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A foreclosure fix

SB 1275 would prevent banks from foreclosing on borrowers who are seeking to modify their loans.

June 02, 2010

Banks foreclosed on almost 200,000 homes in California last year, and this year's toll is expected to be even higher. State lawmakers have tried to encourage banks to do more loan modifications that help both sides, keeping borrowers in their homes while cutting lenders' losses. Yet homeowner advocates say a serious problem remains. Overwhelmed and disorganized, lenders continue to foreclose on borrowers who are in the process of negotiating new loan terms. At a time when the market is flooded with repossessed properties, that's just inexcusable.

The main federal effort to avert foreclosures, the Home Affordable Modification Program, bars lenders from foreclosing while a modification is pending, but other initiatives don't. Now, state Sens. Mark Leno (D-San Francisco) and Darrell Steinberg (D-Sacramento) are proposing to extend the same protection to all Californians seeking loan modifications. Their bill (SB 1275) would bar a lender or loan servicing company from starting a foreclosure until after a modification application is denied. It's a modest change that wouldn't require lenders to change the terms of any loan modification effort. Nor would it require lenders to do more to reach borrowers before foreclosing than state law already requires or to slow down foreclosures on borrowers who are beyond help.

What it would do is require lenders to notify borrowers who fall behind on their payments about the foreclosure process and the availability of loan modification programs, if any. And if borrowers applied unsuccessfully for a modification, the lender would have to send them a letter explaining why they were denied and how they can appeal the decision before filing a notice that the mortgage was in default.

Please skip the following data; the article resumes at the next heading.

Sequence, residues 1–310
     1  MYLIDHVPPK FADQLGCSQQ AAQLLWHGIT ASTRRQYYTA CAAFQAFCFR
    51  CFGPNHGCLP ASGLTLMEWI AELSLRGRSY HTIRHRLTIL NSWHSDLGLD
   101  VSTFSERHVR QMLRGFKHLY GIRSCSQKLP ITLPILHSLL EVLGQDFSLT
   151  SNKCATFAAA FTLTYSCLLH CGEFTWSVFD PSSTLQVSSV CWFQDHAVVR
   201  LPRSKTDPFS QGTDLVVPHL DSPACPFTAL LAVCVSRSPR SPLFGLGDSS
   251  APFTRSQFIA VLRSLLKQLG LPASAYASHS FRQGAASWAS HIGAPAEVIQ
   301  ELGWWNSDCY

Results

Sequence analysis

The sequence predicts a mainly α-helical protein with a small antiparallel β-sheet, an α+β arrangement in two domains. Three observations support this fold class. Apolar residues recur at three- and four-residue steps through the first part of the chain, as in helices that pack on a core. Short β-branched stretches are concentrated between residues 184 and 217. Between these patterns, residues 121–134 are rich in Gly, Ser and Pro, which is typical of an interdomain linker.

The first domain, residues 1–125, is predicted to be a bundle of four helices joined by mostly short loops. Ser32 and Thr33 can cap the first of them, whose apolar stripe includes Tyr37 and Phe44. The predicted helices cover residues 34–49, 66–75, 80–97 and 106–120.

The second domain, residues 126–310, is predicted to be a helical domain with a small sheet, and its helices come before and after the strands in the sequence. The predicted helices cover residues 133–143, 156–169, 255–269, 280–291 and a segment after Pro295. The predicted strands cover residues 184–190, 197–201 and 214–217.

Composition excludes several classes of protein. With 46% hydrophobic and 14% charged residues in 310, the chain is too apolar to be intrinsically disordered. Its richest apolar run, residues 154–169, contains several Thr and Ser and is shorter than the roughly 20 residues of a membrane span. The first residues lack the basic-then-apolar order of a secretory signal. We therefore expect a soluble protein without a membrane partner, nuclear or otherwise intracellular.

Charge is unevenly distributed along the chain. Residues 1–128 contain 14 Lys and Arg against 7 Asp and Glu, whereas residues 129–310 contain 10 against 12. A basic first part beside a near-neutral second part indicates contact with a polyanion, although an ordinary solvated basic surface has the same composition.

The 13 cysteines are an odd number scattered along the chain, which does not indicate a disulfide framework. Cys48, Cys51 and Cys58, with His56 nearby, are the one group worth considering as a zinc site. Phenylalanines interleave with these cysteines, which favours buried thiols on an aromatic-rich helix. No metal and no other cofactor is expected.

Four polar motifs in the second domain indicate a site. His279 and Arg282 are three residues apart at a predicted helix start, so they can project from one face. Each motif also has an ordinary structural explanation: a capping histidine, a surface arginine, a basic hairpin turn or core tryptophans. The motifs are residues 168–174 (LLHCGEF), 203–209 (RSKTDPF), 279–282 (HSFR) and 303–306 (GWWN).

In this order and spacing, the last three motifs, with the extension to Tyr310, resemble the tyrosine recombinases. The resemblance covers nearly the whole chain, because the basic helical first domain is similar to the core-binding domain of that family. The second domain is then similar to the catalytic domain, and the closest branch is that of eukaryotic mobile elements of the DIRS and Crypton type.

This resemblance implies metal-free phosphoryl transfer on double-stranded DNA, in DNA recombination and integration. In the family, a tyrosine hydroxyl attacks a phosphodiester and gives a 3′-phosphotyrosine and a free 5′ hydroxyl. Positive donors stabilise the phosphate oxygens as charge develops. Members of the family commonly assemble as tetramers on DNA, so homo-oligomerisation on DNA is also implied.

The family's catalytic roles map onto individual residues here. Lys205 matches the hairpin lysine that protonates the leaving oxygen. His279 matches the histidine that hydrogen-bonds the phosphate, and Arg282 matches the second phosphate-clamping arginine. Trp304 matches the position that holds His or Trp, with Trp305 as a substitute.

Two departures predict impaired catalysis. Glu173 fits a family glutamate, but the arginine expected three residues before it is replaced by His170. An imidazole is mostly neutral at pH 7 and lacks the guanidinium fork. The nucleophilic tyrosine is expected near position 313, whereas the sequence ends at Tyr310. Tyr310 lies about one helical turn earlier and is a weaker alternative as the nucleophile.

Banks complain that the bill would further drag out foreclosures, add a new layer of requirements and expose them to lawsuits. Sponsors have done a good job addressing the first two complaints, and the third is easy to dismiss. The requirements would be meaningless if they couldn't be enforced, and the state Department of Corporations doesn't have the capacity (or, in the case of federally chartered banks, the authority) to do so.

The point of the bill isn't just to help more homeowners; it's also to save lenders from themselves. Housing counselors say the No. 1 problem is poor communication between lenders and troubled borrowers, and within the lenders' own operations. Servicers typically assign foreclosures to one team (often an outside law firm) and modifications to another. SB 1275 would end the common practice of sending troubled borrowers down an inexorable path to foreclosure regardless of whether it's in the lender's financial interest to do so.

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